Is a mandated ‘WorkFAREhouse’ the Tories’ answer to the ‘bedroom tax’ court case?

I’ve always avoided comparisons between the current Tory-led government and the Nazis, lest it seem hysterical. But they appear to be trying really, really hard to make the comparison perfectly mundane.
This excellent article by Mike Sivier, and the one it links to by Johnny Void, show the government’s thinking: let’s put the disabled and unemployed into ‘residential workfare’, or a work camp as the rest of us would call it. Iain (Duncan) Smith actually once said ‘work makes you free’, a direct translation of ‘Arbeit macht Frei’. It gets more and more obvious that wasn’t a slip of the tongue.

Vox Political

Residential Workfare for the disabled. If that sentence hasn’t already set off at least three separate alarms in your head, then you haven’t been paying attention. What follows is a warning: Stay alert. Ask questions. Do not allow what this article predicts.

Workfare, for all those who still need enlightening after three years of this particular Tory-led nightmare, is a government-sponsored way of keeping unemployment high while pretending to be doing something about it. The idea is to send unemployed people to work for a period of several weeks – often for a large employer that is perfectly capable of taking on staff at a reasonable wage – and remove them from the unemployment figures for that time, even though they continue to be paid only in benefits. When the time period is served, the jobseeker returns to the dole queue and another is taken on, under the…

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7 responses to “Is a mandated ‘WorkFAREhouse’ the Tories’ answer to the ‘bedroom tax’ court case?

  1. And that’s why it’s so essential that the Tories get rid of the ECHR’s jurisdiction over this country. That’s not just a reaction to a (frankly correct) run of judgements, whatever that odious May person says; it’s an essential part of their long-term vision, because it threatens to pull everything else they want to do down around their ears.


  2. My mother survived Nazi Germany. Not all her relatives did.

    She told me how it starts – and history shows that long before the disabled were experimented on or sent to camps, they were starved; their subsistence money was reduced and there were posters everywhere showing beefy aryan types carrying wizened little people complete with a heading explaining how many reichsmarks it was costing to “carry” these not-normal (ie. non-aryan) beings.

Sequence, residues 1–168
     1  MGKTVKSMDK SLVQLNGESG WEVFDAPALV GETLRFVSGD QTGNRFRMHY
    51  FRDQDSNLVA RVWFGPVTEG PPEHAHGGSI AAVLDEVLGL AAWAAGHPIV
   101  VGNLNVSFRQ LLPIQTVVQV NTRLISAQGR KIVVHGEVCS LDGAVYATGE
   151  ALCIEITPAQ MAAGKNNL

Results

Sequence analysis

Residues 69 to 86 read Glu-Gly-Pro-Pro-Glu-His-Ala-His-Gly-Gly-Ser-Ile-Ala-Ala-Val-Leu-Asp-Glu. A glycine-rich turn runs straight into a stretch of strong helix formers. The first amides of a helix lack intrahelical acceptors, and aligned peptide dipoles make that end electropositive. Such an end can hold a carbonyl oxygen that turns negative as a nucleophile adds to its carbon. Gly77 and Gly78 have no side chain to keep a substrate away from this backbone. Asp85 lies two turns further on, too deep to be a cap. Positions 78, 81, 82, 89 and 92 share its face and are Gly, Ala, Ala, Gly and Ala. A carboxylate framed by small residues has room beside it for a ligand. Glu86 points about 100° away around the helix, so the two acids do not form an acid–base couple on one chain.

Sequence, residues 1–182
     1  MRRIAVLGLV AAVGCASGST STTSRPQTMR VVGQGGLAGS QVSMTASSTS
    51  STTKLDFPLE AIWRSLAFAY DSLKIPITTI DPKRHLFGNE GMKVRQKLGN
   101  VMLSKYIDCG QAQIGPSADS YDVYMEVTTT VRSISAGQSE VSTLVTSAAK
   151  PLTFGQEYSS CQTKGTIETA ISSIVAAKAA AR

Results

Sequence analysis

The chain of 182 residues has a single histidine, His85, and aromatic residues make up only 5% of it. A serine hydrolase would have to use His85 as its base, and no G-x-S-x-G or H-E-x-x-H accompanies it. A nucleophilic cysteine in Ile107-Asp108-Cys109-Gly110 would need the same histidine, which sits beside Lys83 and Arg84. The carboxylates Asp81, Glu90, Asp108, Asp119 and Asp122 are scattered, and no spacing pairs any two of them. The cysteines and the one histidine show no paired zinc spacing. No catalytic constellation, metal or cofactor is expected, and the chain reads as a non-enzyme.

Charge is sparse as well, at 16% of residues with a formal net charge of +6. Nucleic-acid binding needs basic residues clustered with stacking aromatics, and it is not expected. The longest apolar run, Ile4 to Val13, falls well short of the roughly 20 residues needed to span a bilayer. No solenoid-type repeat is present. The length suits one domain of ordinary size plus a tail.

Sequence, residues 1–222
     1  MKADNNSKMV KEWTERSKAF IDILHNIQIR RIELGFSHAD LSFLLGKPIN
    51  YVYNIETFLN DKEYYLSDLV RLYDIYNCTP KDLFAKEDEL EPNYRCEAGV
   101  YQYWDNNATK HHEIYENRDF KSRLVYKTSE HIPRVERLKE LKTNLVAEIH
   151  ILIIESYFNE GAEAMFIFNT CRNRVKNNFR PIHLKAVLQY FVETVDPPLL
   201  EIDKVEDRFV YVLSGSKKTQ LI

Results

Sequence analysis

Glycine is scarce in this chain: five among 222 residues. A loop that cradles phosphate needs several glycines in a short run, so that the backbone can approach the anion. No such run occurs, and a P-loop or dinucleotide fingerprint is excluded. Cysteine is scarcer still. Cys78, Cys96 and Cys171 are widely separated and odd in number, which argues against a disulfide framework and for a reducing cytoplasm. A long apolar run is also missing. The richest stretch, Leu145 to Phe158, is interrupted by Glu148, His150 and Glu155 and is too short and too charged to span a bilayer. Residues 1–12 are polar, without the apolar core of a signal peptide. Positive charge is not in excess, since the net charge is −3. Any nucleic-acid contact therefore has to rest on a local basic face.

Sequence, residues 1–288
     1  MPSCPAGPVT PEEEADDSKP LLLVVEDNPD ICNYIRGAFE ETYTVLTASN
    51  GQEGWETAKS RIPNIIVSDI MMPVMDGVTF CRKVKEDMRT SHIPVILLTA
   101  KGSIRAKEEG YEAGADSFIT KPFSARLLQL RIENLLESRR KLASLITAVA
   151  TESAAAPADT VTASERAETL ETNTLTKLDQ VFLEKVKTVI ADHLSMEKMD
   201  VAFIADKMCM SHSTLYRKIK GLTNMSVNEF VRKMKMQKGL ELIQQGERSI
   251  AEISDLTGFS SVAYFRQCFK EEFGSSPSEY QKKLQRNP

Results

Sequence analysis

All of this applied to the gypsies, Jews, homosexuals, etc. too, in time.

    The public were expected to snoop on their neighbours; unemployed people had to do hard labour to earn their subsistence, and if a person seemed to have more money than they should, people were encouraged to report them to the authorities.

    We have a Secretary of State who has endorsed, in public, the Sun’s shop-a-scrounger helpline. He knows that his own department follows up every single call to the official fraud line – 99.7% of all calls are mistaken or malicious.
    We have workfare already for the unemployed – work for subsistence level benefits or no support; for the sick, this workfare is both mandatory and indefinite even though the people sent to it have been judged incapable of work by the draconian standards of DWP/Atos.

    Residential training for people who are newly blind, for example, used to be a wonderful thing – it can help people to make the adjustments they need to live a good life with a new and life-changing disability.

    The point about this – and the report recommends it, see johnnyvoid – is that such training might not only be extended to the non-disabled but it will be opened up to the market.
    Lots of money to be made corralling people in work “training” camps.

    Why don’t they just cull us all and be done with it?


  3. By the way, Steve – have you seen the latest in the Independent on the Lister Surgicentre in Stevenage?

    It’s to be closed and the local hospital will take over – and we have paid in excess of £54 Million to “buy” it back from Carillion.


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